Discover how some award-winning and nationally recognised local redesign projects are making sustainable improvements to health services and patient outcomes, supported by the Agency for Clinical Innovation’s Centre for Healthcare Redesign.
Rose Lougheed, A/Director of Clinical and Corporate Governance at the Justice Health and Forensic Mental Health Network, is a self-confessed redesign enthusiast. Rose’s first re-design project in 2017 involved a review of general practice (GP) services for the network.
"Completing the project through the Centre for Healthcare Redesign (CHR) was fun and formative. I saw ideas become reality, gained knowledge and experience and put it to good use to completely redesign our GP service,” reflects Rose.
“I adopted the redesign methodology as a way to approach my work. I found it could be applied to almost anything. My leadership, communication and engagement skills were enhanced, and my focus shifted in such a positive way.”
Rose Lougheed (right) receives her graduation certificate from former NSW Health Secretary, Elizabeth Koff.
Since receiving her Graduate Certificate in Clinical Redesign for that first project, Rose has been the first student of the Agency for Clinical Innovation’s Centre for Healthcare Redesign to complete a Master of Healthcare Redesign, through the Professional Practice Pathway at the University of Tasmania. She has also started her PhD studies focusing on healthcare redesign and health leadership.
Redesign has presented me with so many opportunities I would not otherwise have had. I encourage my teams to be trained in the redesign methodology and approach, which has led to significant improvements for our services and patients.
“Having the methodology and approach behind our practices makes complex projects more straightforward. Thanks to the Graduate Certificate in Clinical Redesign, my team’s language has aligned, our projects have grown in scope, and we’ve enjoyed a lot of success, including a Premier’s Award nomination.”
The network’s Creating Healthy Tomorrows project demonstrates the impact a local redesign project can have at a statewide level.
“The 2021 project promotes an integrated care experience for patients in custody,” explains Rose. “It has formed the foundation of the Justice Health and Forensic Mental Health Network’s new strategic plan, model of care and visual identity. This will be the basis for the network’s focus and care delivery for the next ten years.”
The role of redesign in closing the gap
During the pandemic, the Centre for Healthcare Redesign program adapted to deliver the course virtually. This ensured continuity, responsiveness and agility for course participants and local teams.
The first program to be completely adapted for online delivery was also the second dedicated Aboriginal healthcare redesign cohort to go through the Graduate Certificate program. “This cohort displayed resilience, determination and humour in the face of the unprecedented challenges presented by the pandemic,” says Tricia Cummins, Associate Director of Clinical Innovation, Redesign and Consumer Engagement at the Agency for Clinical Innovation.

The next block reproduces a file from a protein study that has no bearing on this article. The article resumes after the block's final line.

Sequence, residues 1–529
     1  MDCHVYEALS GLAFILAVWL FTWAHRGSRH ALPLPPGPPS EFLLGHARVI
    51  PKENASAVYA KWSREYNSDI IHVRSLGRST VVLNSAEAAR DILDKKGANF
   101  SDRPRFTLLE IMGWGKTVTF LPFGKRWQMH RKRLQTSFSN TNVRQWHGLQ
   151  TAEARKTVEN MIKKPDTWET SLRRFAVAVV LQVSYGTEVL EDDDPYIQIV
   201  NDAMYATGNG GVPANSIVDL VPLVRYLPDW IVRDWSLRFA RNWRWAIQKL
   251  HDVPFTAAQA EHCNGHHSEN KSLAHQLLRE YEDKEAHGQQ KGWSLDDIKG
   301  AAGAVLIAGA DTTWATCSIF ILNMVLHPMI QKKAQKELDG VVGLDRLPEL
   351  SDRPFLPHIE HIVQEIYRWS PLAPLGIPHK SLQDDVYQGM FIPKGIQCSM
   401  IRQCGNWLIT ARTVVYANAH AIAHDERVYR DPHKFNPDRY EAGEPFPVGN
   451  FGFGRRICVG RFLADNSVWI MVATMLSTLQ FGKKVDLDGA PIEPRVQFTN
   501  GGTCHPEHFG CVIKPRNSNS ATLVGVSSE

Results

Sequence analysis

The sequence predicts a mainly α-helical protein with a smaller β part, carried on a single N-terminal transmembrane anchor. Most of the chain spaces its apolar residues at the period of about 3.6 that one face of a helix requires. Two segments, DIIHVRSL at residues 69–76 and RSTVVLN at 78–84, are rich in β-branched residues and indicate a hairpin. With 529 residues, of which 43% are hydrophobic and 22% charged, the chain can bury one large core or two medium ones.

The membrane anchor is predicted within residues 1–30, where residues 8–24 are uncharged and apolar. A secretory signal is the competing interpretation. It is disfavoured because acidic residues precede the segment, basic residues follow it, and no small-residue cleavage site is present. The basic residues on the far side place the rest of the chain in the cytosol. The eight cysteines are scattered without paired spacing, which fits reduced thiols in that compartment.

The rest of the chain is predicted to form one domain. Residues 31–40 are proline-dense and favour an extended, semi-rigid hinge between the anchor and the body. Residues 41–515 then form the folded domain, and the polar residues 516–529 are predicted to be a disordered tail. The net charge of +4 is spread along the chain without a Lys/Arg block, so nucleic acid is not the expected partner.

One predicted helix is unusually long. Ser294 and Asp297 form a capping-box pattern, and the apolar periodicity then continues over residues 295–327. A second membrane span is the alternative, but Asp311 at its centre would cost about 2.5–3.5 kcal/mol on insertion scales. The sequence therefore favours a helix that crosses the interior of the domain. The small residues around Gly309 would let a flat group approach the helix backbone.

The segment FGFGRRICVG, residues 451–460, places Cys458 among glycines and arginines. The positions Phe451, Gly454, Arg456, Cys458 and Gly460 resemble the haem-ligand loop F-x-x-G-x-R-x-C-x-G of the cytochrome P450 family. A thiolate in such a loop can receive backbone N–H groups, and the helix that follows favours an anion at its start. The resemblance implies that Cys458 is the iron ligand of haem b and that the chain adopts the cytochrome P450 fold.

“The program helps you think differently to implement change projects,” says Kelly Drury, Service Manager for Birra-li Aboriginal Maternal and Child Health Service, Hunter New England Local Health District. “It provides a robust framework for intelligence gathering and analysis for accountable decision making.”
Kelly is working on the Niiarrnuba Burraidjaa, Niiarrnuba Guumba – Our Children, Our Tomorrow project. It aims to change how the Universal Health Home Visit Service is provided to Aboriginal families living in the Awabakal and Worimi communities of Port Stephens, Newcastle and Lake Macquarie.
“It was great to participate in the program with a cohort of Aboriginal and non-Aboriginal health professionals collaborating to improve health outcomes for Aboriginal communities,” explains Kelly, who will also sponsor a project in the next cohort in July.
I look forward to supporting a project team of Aboriginal health staff to enhance their skills to implement innovative practice interventions for Aboriginal patients.
An Aboriginal health project at St Vincent’s Hospital in Sydney, Stay'n Deadly and Stay'n In, has reduced the number of incomplete treatment rates for Aboriginal patients in the emergency department. The project's sustained impact supports better health outcomes for Aboriginal people and has been recognised with a NSW Health Award.
The project reduced the incomplete treatment rate from 28% in January 2020, to a cumulative average of 6% in 2021.
“One of the biggest successes we’ve had is sustaining the gains since we implemented the project; which has gained a wide interest among executives and clinicians across Australia who may adapt and adopt the practice,” says Viji Joseph Mathews, the project's local redesign leader.
A redesign project team from Auburn Hospital has been recognised at a national level for its 2021 project, Taking ‘Baby Steps’ towards starting pregnancy care sooner.
The project improves access to specialised antenatal care and increases the number of women starting this care earlier in pregnancy. It was highly commended at the Australian Council on Healthcare Standards’ Annual Quality Improvement Awards 2021, in the Clinical Excellence and Patient Safety category.
“The greatest achievement for us has been seeing the changes implemented, sustained and transitioned into our business-as-usual processes,” says Julianne Harvey, Project Lead, Innovation and Redesign at Western Sydney Local Health District.
“We’ve seen more than 35% of local women start pregnancy care before 14 weeks gestation. This is an amazing increase from a baseline of 4%.”